Anton Strout is the author of urban fantasy, including the Simon Canderous paranormal detective series and the Spellmason Chronicles. He’s also the host of the Once and Future Podcast. He’s going to have a story in the fantasy anthology Knaves from Outland Entertainment, now on Kickstarter!
There are words and phrases from what one reads that stick with you throughout your entire life. From the moment you read them they inspired or changed you. As a teen, the now clichéd “Carpe Diem, Seize the Day” from the film Dead Poet’s Society was life changing, but it was reading that always struck to the core of my heart when it came to shaping who I was as both a person and as a writer of the fantastical.
No one was as pivotal to who I became in both respects than Douglas Adams. My first exposure was to the PBS import of the BBC television series The Hitchhiker’s Guide to the Galaxy. Immediately I HAD TO HAVE the books and made my mother take me to buy what was then just the Hitchhiker’s Trilogy. I still have the broken spined, falling apart hardcover, coated in dried green slime from a toy accident years ago. Then I consumed the radio plays on cassette, and bought the annotated transcripts to read along with.
There are a million turns of phrase that the late Mr. Adams wrote over the years that stick with me:
- “Don’t Panic.”—the words inscribed on the guide itself, and an obvious choice as a life motto.
- “Life. Don’t talk to me about life.”—Marvin the Paranoid Android, moping about in his usual depressed state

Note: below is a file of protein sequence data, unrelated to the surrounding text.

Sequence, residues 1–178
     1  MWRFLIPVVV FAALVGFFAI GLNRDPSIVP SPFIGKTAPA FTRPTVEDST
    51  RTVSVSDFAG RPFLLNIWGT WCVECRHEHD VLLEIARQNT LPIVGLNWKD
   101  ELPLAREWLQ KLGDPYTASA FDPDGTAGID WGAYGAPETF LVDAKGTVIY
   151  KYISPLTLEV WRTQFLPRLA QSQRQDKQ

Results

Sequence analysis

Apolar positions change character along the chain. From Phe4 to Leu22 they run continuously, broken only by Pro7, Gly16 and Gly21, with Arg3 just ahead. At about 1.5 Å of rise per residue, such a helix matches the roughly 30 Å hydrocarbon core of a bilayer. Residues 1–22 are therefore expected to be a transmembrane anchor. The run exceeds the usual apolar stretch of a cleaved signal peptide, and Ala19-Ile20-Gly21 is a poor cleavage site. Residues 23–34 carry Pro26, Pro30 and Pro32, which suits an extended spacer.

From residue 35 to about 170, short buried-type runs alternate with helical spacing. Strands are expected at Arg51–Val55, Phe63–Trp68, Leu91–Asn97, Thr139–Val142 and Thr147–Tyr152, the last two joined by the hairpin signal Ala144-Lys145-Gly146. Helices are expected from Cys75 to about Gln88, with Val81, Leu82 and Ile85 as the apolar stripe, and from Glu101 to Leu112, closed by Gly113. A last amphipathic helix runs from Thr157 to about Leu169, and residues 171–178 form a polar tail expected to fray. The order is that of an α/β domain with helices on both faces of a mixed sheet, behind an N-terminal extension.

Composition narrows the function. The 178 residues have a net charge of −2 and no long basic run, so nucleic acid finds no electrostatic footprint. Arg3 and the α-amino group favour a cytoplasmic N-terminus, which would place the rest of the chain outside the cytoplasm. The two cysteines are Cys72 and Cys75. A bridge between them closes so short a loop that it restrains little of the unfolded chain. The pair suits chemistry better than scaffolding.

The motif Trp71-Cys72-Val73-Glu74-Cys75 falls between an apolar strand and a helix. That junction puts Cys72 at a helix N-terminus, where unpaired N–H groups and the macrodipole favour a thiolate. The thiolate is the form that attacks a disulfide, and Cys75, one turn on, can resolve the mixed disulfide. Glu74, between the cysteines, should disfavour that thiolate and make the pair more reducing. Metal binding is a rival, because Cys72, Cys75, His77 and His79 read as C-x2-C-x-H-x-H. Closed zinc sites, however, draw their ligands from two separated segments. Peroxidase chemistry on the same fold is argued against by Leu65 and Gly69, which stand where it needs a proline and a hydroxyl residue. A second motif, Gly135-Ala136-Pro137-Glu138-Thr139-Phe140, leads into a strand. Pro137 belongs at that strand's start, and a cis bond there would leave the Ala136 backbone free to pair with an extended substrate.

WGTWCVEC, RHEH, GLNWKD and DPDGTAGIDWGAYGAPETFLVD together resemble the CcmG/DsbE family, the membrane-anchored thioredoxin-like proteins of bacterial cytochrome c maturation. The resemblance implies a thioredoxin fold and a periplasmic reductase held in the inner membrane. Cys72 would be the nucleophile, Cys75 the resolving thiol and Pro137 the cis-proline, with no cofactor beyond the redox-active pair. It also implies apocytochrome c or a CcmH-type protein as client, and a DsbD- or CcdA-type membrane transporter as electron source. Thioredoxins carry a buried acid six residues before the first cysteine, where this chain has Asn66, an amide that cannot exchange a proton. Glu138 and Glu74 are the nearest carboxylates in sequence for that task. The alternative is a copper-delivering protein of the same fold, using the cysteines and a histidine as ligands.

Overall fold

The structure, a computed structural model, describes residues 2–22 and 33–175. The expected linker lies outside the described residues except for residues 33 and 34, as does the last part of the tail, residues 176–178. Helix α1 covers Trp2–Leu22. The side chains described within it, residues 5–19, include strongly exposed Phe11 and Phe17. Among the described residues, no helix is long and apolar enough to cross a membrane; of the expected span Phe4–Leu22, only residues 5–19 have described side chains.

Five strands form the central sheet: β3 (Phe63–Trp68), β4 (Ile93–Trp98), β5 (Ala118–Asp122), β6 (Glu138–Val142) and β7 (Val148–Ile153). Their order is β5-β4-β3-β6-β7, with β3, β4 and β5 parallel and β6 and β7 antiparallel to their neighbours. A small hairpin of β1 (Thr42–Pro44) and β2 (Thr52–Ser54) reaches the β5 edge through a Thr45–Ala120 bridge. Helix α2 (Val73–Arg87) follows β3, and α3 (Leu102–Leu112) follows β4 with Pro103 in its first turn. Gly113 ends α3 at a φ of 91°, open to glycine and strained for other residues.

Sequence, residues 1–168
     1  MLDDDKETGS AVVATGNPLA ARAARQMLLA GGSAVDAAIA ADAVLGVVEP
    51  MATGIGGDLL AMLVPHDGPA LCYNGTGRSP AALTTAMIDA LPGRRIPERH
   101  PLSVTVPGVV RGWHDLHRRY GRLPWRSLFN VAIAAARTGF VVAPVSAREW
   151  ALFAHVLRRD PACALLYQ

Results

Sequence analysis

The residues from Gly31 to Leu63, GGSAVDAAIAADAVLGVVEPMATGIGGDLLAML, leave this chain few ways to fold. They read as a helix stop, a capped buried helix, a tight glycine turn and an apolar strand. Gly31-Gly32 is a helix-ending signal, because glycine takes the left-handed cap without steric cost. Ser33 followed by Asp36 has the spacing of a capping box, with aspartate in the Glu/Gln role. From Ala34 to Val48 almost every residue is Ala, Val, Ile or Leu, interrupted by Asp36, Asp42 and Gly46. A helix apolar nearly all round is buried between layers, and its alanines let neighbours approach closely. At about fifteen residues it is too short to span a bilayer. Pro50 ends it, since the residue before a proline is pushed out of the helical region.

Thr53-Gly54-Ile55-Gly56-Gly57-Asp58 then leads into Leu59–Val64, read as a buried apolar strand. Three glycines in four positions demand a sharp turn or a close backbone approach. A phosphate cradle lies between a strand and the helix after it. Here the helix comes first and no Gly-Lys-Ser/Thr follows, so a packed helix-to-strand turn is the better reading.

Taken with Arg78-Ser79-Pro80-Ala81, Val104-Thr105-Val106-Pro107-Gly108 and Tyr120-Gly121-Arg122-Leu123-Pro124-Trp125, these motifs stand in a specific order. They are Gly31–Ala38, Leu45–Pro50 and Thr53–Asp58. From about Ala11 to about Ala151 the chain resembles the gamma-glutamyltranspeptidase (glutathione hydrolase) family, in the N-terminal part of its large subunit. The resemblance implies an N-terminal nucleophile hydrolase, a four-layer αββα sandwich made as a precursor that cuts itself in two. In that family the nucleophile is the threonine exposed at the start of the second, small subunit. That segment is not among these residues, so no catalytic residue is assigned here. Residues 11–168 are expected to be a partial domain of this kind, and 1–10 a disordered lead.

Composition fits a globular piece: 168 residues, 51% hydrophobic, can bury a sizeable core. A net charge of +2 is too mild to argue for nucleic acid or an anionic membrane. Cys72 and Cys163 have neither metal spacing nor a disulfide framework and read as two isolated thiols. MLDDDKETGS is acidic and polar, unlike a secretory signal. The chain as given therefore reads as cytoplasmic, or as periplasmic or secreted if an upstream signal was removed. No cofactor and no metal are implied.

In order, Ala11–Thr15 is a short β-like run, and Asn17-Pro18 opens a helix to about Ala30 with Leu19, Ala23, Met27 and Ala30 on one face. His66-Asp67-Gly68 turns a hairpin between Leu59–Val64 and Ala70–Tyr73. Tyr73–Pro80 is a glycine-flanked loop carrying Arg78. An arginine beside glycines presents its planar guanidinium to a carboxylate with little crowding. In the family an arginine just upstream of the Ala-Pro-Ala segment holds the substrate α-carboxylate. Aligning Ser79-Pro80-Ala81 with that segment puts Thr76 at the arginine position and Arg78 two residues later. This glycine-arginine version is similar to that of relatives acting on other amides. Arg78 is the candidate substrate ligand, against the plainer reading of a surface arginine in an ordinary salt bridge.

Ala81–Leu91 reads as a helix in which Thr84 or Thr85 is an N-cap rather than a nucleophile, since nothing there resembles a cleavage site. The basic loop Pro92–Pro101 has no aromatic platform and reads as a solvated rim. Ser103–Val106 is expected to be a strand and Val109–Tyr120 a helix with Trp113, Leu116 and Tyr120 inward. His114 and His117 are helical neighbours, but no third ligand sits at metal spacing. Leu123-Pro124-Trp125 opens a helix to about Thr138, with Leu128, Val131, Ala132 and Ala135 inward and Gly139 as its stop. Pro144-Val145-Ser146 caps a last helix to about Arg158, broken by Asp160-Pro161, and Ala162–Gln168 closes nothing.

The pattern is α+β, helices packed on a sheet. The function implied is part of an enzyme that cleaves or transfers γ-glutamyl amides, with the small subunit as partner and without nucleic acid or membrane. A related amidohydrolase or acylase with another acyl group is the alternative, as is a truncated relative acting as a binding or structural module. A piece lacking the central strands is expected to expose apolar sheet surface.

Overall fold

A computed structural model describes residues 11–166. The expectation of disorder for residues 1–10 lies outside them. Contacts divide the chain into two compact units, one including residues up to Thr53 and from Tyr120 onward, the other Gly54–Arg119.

- From the planet builder Slartibartfast, best known for winning an award for designing Earth’s Norwegian fjords:
Slartibartfast: I’d far rather be happy than right any day.
Arthur: And are you?
Slartibartfast: No. That’s where it all falls down of course.
But the one that has always stuck with me is:
This planet has – or rather had – a problem, which was this: most of the people living on it were unhappy for pretty much of the time. Many solutions were suggested for this problem, but most of these were largely concerned with the movement of small green pieces of paper, which was odd because on the whole it wasn’t the small green pieces of paper that were unhappy.
To a 12-year old kid, it just seemed funny, but it also made me think. Adults were weird, anyway. Why would they obsess over these little green pieces of paper? The idea was absurd—later causing me to strive in my own fiction to capture even just a fracture of Mr. Adam’s genius/humor—but his words were also spot on about the human condition. These were IMPORTANT WORDS, important thoughts! As I grew up and became an adult myself (a debatable point, I know), I found the words stuck with me.
I’ve been financially stable as well as pathetically poor, but rarely have I suffered at the hand of that ebb and flow. Money is always welcome and nice to have and all, but I’ve never let a lack of it determine my happiness. It’s been a pretty healthy attitude, focusing me instead on what truly makes me happy—family, writing, rampantly consuming all manners of nerdery…
Such a complexly written yet simply logical line transformed my entire attitude about the true answer to life, the universe, and well, everything. Words…powerful stuff indeed.